Newspaper Page Text
We~~ ar No UOur NwQures
We are in our new quarters at the same
old stand, next to Jenkinson's, where we are
prepared to fill all orders for
We will be glad to see you and "figger"
on any bill of Groceries you may need, and
feel assured we can satisfy you both in qual
ity and price.
The Manning Grocery Co.
SUMMERTON' HARDWARE C0., g
SUMMERTON, S. C.
. C -A C. 11. DAVIS, J. A. JAMES,
President. Vice-President. Sec.-Treas.
OUR MOTTO: 3 L'S.
Live and Let Live.
For dry goods, go to a dry goods store.
For shoes, go to a shoe store.
For groceries go to a grocery store.
F or medicines, go to a medicine store.
For HARDWARE and its kindred articles,
go to a HARDWARE STORE.
Painfs,- Agricultural Implements, Pumps, Pipe,
Stoves and Stoveware, Harness and
Saddlery, Crockery and Glassware.
We have them all.
Our long residence in the county is our guarantee of fair and
Shonest treatment of our customers.
We have recently associated with us Mr. J. M. Plowden form
erly with the Dillon Hardware Compauy, who thoroughly under
stands the hardware business and will take pleasure in giving the
public the beneft of his experience.
-SUMT ER, S. C.
We are giving more attention to the handling of Cotton
this season than ever before, which means that while we
bought more Cotton than any other firm on the market, it is
our purpose to buy a still greater quantity. This we can
not do unless we pay the price, and when you bring or ship
to us your Cotton, the VERY HIGHEST PRICE IS AS
has been thoroughly looked after and we invite an inspec
tion of our Dry Goods, Fancy Goods, Shoe and Clothing
Stocks. Our buyer has devotet:1 much of his experience this
season in looking after the Dress Goods selections; and we
can assure our Lady friends that we are enabled to please
them. not only in styles, but prices. Our General Dry Goods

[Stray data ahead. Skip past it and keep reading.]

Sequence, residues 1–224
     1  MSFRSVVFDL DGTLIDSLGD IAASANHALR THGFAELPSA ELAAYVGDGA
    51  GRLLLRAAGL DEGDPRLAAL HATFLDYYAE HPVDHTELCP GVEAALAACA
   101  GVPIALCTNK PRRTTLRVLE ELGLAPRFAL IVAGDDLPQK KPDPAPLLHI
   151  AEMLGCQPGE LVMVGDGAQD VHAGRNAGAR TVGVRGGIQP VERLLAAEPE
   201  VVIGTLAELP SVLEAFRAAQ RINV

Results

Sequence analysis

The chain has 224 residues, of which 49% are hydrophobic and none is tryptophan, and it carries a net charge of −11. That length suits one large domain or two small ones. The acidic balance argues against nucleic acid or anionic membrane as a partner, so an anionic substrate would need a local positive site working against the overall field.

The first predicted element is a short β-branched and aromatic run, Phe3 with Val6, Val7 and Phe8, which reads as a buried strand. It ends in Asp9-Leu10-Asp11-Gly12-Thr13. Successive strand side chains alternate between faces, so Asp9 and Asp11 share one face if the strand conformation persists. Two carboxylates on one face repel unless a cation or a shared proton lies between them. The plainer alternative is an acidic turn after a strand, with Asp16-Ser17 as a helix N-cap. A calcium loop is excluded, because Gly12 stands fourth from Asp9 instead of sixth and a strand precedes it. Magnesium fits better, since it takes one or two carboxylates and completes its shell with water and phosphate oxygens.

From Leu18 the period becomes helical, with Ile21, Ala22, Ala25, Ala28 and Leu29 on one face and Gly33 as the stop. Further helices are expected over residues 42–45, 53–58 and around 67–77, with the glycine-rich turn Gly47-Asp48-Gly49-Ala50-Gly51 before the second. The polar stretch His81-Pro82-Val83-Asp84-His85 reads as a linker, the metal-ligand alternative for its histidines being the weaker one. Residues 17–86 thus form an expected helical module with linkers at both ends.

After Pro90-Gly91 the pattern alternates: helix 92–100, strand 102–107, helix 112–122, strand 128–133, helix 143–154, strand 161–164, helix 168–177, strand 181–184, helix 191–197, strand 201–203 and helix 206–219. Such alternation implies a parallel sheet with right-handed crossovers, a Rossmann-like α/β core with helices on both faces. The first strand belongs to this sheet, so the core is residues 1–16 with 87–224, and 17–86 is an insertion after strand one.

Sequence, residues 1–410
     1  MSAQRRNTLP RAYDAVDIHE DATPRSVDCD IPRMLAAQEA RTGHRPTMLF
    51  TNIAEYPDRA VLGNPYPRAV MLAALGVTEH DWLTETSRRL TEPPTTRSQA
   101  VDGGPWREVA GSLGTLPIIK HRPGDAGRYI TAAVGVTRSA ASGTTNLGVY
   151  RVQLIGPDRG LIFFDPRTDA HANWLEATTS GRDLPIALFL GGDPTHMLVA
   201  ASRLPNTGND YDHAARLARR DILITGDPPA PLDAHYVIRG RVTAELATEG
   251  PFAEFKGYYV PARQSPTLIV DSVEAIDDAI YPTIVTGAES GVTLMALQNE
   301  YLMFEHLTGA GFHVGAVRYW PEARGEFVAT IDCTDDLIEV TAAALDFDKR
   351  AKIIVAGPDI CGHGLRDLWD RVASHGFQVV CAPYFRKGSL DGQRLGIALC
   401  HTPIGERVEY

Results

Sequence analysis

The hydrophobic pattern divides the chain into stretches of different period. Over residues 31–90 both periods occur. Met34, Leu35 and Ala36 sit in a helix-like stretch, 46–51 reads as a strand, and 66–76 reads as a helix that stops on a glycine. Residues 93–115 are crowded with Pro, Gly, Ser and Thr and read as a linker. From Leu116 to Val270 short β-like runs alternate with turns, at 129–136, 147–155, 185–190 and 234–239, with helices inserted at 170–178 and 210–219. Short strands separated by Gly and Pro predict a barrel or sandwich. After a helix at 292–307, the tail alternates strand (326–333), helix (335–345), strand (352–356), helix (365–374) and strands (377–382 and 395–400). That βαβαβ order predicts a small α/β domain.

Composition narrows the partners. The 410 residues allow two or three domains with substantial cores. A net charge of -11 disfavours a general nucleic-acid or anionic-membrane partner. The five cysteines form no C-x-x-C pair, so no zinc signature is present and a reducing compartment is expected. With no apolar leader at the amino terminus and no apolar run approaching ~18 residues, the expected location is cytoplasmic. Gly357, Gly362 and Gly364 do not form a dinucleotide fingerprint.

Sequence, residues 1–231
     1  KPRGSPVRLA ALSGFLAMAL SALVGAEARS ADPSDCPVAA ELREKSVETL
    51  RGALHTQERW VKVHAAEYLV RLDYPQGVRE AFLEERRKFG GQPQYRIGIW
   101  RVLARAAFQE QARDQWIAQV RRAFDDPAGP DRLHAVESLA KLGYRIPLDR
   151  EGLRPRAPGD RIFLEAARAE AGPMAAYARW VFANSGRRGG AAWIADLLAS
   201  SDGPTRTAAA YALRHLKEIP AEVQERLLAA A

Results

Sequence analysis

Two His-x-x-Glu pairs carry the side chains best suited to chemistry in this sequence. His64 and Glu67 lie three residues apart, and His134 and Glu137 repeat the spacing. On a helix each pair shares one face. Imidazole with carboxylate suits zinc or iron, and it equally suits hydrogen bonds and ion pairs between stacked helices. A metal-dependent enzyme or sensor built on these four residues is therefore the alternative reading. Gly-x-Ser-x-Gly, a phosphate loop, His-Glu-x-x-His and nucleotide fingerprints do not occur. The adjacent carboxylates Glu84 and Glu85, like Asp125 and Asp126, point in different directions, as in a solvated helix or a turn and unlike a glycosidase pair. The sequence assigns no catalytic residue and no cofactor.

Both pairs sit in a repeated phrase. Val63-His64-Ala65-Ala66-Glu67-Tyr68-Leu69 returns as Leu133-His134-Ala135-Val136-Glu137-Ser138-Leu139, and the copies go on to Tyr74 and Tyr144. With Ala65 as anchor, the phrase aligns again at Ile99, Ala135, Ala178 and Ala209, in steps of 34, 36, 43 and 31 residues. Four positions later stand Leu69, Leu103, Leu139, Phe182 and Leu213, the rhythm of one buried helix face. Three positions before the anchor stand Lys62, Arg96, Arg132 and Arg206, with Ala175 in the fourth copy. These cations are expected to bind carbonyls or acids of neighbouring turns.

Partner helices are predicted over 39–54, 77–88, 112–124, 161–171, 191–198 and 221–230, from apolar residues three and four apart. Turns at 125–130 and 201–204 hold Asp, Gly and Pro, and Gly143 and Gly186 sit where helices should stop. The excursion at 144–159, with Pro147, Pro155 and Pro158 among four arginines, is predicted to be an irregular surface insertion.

Stock was never more complete and better bought-"GOODS
* WELL BOUGHT ARe. HALF SOLD
Shoes ! Shoes !
There is no need wearing out shoe leather running about for
footwear, when we have, direct from the factories, Shoes
of the best make. and which we can sell with a guarantee.
Then, we carry as nice a line of Gents' Youths' and Boy's
Clothing as you will be able to see in any other city. This
Department was selected with a view to style, fit and dura
OR GROCERY DPARTMENT .
Cannot be excelled anywhere, and our prices defy competi
tion. We have always enjoyed a tine Clarendon patronage
for which we are grateful, and we shall strive to continue
to merit the patronage and confidence you give us-come
. to see us,
Copyright. 1903. by E
HE uesxt morning, after break
fast, Mrs. Iillyer called her
husband aside. He followed
her into the parlor, where she
led him to get beyond the hearing of
the negroes in the dining room.
"What's the matter with George?"
she asked him.
"Why, nothin' as I know of," he re
plied. "I haven't seen him this morn
in'. Is anything wrong?"
"Looks like he hasn't slept a wink
all night" said the woman. "He
didn't tetch a thing on the table, an'
his hands shook awful. Do you know.